Hey, here’s your downer for today: those wonderful rings which ensconce Saturn and compel us to accept that there is an innate beauty to the universe? Yeah, they’re going to disappear. Sorry mate.
Look, it’s not going to happen in your lifetime. They’ll probably be gone in roughly 100 million years, so amateur telescope guys are all good for the foreseeable future. I mean, they’re never good, per se, but they’ll be fine. This has been confirmed by new NASA research, which found that Saturn is losing its rings at a “worst-case-scenario” rate.
Basically, the rings are gradually being pulled into Saturn’s atmosphere as a “dusty rain of ice particles,” which sounds like a lame way for them to go. I would personally prefer something involving explosions, or maybe an insatiable space octopus. But, you know, I have no input into this kind of thing.
(As an aside, it is maybe telling about the state of the world that when I first learned of this, my initial thought was, “Oh great, what the fuck have we done now?” But no, we did not do this.)
“We estimate that this ‘ring rain’ drains an amount of water products that could fill an Olympic-sized swimming pool from Saturn’s rings in half an hour,” said James O’Donoghue of NASA’s Goddard Space Flight Center. That’s quite quick:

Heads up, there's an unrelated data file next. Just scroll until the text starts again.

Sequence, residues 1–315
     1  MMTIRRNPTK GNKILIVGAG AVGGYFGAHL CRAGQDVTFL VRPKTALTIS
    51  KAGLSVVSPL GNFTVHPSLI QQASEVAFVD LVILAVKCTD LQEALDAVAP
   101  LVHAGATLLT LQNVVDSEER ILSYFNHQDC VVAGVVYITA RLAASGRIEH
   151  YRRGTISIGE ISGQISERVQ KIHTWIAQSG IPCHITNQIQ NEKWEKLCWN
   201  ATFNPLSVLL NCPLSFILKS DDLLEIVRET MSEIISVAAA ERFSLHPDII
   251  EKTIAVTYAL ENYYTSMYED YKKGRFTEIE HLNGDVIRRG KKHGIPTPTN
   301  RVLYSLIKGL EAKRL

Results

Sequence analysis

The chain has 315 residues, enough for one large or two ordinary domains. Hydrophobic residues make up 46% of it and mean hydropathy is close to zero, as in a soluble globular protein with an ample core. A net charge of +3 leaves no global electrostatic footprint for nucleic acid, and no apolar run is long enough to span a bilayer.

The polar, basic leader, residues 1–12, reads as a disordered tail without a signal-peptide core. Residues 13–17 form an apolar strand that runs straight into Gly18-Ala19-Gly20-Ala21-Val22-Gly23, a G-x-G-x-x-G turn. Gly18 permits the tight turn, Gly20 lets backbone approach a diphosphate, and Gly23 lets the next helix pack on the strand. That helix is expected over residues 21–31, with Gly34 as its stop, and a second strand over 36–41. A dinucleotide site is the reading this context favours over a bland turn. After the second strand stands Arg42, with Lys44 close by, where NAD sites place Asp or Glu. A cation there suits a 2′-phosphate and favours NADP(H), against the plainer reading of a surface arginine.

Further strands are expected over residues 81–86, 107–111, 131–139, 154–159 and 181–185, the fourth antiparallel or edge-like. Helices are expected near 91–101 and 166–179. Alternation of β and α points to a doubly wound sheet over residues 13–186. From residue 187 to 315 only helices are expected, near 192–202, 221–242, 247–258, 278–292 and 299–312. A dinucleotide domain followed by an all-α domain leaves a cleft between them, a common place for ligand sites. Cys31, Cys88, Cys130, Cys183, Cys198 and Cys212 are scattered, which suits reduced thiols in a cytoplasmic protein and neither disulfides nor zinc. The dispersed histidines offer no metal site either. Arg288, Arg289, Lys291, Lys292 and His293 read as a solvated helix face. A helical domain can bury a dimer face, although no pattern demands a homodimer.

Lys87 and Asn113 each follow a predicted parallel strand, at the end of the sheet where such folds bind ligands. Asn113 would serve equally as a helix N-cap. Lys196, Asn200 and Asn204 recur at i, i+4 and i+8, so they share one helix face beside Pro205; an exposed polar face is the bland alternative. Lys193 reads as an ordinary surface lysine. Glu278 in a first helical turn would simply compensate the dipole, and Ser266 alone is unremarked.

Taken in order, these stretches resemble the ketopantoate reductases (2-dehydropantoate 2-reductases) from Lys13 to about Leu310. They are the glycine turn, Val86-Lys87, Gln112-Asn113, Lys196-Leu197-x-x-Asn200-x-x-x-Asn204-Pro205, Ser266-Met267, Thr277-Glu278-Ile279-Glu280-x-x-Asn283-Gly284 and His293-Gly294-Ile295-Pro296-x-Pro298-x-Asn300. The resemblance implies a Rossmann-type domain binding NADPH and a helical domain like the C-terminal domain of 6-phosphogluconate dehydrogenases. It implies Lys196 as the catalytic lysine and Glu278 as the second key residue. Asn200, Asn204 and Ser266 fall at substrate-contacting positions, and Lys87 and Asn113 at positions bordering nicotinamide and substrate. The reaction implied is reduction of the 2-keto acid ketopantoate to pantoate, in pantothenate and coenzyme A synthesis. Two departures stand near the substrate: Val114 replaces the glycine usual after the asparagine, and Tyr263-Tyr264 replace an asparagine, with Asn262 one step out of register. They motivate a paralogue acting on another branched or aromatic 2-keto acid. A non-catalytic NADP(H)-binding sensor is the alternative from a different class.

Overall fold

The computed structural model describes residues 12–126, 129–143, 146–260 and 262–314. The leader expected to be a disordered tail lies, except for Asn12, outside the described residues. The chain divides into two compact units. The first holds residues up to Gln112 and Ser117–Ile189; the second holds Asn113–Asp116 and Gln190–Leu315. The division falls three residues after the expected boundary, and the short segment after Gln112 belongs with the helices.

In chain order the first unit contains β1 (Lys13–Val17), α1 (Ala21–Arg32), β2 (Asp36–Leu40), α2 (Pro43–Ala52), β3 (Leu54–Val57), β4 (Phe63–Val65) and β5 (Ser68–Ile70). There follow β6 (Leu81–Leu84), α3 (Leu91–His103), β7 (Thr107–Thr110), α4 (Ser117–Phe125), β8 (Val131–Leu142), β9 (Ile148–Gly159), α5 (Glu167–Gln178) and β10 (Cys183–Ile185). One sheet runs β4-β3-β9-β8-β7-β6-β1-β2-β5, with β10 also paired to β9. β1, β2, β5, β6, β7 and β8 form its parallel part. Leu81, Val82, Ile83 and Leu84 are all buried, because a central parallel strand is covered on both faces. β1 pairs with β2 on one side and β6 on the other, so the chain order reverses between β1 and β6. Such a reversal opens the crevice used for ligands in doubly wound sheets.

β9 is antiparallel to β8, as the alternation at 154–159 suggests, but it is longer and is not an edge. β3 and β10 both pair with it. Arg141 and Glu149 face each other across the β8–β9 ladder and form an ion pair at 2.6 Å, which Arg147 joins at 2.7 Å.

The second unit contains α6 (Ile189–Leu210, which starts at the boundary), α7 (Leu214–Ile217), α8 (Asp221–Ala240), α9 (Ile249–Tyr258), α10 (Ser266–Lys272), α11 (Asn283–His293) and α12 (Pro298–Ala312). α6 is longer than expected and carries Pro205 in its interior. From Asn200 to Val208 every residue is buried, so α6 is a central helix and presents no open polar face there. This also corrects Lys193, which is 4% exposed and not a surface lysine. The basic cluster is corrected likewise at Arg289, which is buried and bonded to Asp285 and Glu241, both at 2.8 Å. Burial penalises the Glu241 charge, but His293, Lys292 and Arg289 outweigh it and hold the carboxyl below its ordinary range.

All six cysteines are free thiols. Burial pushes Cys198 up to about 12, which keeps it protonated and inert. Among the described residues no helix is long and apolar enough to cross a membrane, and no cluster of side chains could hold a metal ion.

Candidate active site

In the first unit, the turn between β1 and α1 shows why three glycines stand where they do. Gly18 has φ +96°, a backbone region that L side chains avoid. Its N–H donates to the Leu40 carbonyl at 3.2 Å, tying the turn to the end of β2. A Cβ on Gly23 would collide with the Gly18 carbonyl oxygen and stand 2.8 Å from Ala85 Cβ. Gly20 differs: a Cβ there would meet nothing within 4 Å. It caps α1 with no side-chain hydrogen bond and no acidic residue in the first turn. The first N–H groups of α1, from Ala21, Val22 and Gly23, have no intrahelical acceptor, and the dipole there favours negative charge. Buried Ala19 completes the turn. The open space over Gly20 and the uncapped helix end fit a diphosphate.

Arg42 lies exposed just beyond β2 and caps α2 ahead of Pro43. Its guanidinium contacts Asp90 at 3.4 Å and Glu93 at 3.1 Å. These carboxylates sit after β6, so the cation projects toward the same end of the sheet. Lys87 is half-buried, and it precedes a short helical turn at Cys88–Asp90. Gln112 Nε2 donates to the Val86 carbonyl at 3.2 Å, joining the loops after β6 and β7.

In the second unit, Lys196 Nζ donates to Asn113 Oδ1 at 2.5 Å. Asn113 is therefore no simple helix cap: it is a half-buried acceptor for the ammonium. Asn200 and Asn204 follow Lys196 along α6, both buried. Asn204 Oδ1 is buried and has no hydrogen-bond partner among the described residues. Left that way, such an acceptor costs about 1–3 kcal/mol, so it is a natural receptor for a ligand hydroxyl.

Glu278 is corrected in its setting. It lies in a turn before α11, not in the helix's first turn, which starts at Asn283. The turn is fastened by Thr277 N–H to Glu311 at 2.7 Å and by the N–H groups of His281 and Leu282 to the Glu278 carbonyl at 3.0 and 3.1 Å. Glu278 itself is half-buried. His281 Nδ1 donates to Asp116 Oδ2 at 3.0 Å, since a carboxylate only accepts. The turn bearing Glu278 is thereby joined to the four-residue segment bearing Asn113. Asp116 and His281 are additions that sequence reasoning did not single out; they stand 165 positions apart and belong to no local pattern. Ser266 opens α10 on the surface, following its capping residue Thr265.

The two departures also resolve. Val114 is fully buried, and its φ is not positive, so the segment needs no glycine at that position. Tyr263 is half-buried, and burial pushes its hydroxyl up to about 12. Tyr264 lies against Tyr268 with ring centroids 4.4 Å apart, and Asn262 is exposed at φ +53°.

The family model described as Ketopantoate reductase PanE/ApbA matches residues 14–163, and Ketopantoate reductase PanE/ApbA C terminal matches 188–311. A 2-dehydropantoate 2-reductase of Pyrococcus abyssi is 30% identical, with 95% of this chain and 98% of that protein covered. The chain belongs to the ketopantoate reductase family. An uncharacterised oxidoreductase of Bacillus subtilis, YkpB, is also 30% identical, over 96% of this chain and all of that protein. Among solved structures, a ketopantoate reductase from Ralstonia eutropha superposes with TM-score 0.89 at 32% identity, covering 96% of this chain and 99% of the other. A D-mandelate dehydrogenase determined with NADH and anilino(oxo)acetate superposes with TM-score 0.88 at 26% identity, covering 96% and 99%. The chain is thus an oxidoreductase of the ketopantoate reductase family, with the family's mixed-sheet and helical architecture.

From this alone, the entire ring system will be gone in 300 million years, but add to this the Cassini-spacecraft measured ring-material detected falling into Saturn’s equator, and the rings have less than 100 million years to live. This is relatively short, compared to Saturn’s age of over 4 billion years.
This research also points to the fact that the rings themselves aren’t actually that old in the grand scheme of things, with scientists estimating they’re probably around 100 million years old. This puts us right in the middle of their projected lifespan.
Vale, Saturn. You’re about 100 million years away from becoming just a regular old shitty planet no one cares about. Once your ring is gone, what are you bringing to the table that we couldn’t get from, say, Neptune? Nothing!
You can read more in NASA’s report.